by Nix
(crimsonquills AT gmail DOT com)

Author's Notes: Not betaed. Also, I suspect this turned into a world building info dump. I'd have tried to fix it, but I didn't have time before the challenge closed.

The first time I met Agents Gibbs and DiNozzo I went into the meeting expecting the passive aggressive version of fireworks. Gibbs's reputation was a matter of frequent complaints--both formal and informal--and for all the horror people had of him shouting at them, it was his quiet anger that occasionally brought NCIS personnel to my office in a cold sweat. Knowing that our meeting was by specific request of the Director only made me more certain that the two of them would be strongly resistant to talking to me.

I dressed for a battle that day: shiny black heels, black slacks, my black leather belt with the silver buckle that's twisted to look like rope, a caramel colored blouse with the sleeves rolled up to my elbows, and matching silver and onyx earrings and necklace. Maybe it's not most people's idea of armor, but it makes me feel organized and professional, and I figured I was going to need that.

I ate a small lunch, just in case dealing with these two made my stomach knot unpleasantly, and went into the appointment braced for anything.

Except what I got, apparently.

I was making notes in preparation for someone else's interview, scheduled for the next day, when there was a brisk knock at my door. I glanced at the clock automatically. 2:57pm, which meant they were early. Or their watches were fast.

"Come in," I called out, setting the pen down, standing, and coming around my desk.

The door swung open and Gibbs and DiNozzo stepped into the room. For a moment, that was all my ordinary five senses processed, because my sixth sense was going haywire. I'm not sure how to describe it to someone who isn't an empath. It was almost like they, not one person, the sense of interaction precluded that. The flow of energy, of emotion, between them was almost blinding to my empathy, and I'm only a Five.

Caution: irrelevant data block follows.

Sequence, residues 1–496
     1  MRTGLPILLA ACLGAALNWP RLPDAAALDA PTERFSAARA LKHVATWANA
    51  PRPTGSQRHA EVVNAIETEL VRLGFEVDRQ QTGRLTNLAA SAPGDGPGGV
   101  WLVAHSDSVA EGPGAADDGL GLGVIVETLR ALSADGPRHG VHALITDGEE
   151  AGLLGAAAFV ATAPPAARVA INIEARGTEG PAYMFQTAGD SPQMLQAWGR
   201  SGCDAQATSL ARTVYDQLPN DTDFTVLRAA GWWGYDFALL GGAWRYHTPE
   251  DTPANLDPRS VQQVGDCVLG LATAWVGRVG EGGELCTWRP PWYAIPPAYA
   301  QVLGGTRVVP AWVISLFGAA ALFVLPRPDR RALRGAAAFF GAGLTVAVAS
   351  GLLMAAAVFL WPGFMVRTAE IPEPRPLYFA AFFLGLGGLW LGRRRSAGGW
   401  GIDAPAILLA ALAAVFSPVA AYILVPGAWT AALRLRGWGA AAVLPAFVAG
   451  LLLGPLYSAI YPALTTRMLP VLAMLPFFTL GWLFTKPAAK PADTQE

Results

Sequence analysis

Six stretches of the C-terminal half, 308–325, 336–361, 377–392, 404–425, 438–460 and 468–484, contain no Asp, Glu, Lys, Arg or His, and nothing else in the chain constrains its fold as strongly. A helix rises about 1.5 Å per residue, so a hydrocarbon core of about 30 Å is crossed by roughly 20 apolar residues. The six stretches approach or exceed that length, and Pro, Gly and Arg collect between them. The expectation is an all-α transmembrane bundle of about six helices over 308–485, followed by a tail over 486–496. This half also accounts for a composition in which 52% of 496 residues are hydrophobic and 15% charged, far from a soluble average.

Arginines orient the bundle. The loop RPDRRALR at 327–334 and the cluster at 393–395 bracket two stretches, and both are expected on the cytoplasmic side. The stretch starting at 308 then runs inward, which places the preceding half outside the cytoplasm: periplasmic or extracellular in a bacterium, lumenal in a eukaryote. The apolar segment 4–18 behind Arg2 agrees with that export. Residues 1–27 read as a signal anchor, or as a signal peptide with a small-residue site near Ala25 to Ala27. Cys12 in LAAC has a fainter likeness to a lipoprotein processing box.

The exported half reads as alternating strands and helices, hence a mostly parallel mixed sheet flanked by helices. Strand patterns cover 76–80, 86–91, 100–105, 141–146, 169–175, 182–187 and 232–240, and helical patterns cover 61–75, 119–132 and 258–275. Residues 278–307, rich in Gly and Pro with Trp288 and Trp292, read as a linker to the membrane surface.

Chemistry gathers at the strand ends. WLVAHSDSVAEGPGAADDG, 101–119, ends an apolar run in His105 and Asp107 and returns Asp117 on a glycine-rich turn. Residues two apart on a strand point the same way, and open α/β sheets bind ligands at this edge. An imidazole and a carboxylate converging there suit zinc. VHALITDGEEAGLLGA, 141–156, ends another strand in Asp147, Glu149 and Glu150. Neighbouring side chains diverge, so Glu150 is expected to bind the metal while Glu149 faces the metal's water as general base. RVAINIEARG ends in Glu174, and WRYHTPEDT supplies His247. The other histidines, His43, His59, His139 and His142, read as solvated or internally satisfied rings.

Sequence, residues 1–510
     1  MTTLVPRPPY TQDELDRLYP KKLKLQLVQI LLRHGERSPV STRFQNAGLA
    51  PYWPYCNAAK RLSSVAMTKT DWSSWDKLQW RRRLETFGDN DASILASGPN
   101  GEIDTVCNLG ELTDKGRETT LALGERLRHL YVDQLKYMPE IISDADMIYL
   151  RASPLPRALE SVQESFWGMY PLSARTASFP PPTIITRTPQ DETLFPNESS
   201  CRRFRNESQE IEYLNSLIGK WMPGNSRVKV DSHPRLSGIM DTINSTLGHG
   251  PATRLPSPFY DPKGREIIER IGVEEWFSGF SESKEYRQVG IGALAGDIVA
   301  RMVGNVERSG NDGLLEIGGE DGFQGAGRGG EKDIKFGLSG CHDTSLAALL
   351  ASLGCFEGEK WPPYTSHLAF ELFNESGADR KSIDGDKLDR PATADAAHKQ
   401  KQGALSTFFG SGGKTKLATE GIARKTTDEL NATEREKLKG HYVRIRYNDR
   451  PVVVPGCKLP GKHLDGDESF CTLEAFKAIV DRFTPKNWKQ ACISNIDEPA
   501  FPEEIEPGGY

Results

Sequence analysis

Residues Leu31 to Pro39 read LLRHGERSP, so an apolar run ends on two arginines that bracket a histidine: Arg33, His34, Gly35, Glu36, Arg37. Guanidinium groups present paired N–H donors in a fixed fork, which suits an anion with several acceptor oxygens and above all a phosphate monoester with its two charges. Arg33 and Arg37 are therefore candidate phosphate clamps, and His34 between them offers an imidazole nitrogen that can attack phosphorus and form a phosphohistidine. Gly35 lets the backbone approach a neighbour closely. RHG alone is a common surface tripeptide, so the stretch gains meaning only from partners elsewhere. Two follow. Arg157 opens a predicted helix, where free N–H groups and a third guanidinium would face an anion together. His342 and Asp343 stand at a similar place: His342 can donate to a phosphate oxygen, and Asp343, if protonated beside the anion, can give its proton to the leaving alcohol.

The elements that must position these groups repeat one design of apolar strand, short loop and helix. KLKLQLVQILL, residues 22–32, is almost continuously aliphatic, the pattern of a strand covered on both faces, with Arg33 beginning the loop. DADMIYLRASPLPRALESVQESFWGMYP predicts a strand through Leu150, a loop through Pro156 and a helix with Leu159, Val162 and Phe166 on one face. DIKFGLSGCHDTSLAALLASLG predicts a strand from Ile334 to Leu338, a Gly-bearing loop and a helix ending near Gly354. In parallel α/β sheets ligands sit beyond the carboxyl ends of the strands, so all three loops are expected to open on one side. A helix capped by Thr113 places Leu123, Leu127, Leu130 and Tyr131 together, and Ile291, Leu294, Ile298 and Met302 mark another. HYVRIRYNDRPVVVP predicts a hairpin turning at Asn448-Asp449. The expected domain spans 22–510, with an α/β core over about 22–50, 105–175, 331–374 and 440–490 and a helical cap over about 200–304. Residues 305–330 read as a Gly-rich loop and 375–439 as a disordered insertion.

I resisted the urge to raise my hand to shield my eyes. This wasn't that kind of 'blinding'. "Could you tone that down a little?" I said instead, unable to resist squinting a bit. It was going to take time to train our bodies not to react to sixth sense stimuli in the same ways they reacted to five senses stimuli.

"Tone what down?" Gibbs asked sharply, with an accompanying prickle of curiosity and edge of concern.

"Your interaction," I said, making an effort to stop squinting. They were still blazing away. "Why aren't you shielding?" Belatedly, I raised a shield of my own. As a Five, I didn't, strictly speaking, need one, although going without could be distracting and painful. I knew a few people who never took their shields down at all, but I liked the sense of connection, so I rarely raised mine.

"Shield?" DiNozzo said, his voice expressing his bewilderment.

I blinked and bit back the words You don't know how to shield? According to his file he'd been out of the coma for a week, more than enough time to learn, but underlining how far behind the coma had left him wasn't the best way to start this interview. I gestured for the two of them to sit down on the couch along one wall of my office and pulled out a chair from the visitors' side of my desk for myself. "You need to build a barrier between your emotions and the rest of the world," I explained.

"Build how?" DiNozzo asked, brow wrinkling.

I paused, momentarily at a loss. I'd worked it out with the help of a group of other empaths in the early days of the Awakening. Learning to damp down the sudden new 'noise' had been a priority for all of us and we'd found each other almost by accident, the emotional feedback loops any two empaths generated acting like a secret handshake. I tried to remember what it had been like back then, building my shield for the first time. Only a little over a month, but it seemed like years already. "It's sort of a visualization exercise," I said at last. "Like building a brick wall in your mind, or wrapping yourself in a reflective blanket."